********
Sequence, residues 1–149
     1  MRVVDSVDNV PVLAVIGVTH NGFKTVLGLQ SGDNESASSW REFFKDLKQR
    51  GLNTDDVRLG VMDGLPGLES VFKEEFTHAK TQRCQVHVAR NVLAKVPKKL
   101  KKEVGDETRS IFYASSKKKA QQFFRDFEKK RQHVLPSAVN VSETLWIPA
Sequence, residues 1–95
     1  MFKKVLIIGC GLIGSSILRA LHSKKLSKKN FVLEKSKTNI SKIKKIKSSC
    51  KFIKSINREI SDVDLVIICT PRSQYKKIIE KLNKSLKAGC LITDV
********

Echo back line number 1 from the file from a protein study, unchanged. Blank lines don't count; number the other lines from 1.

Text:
Sequence, residues 1–149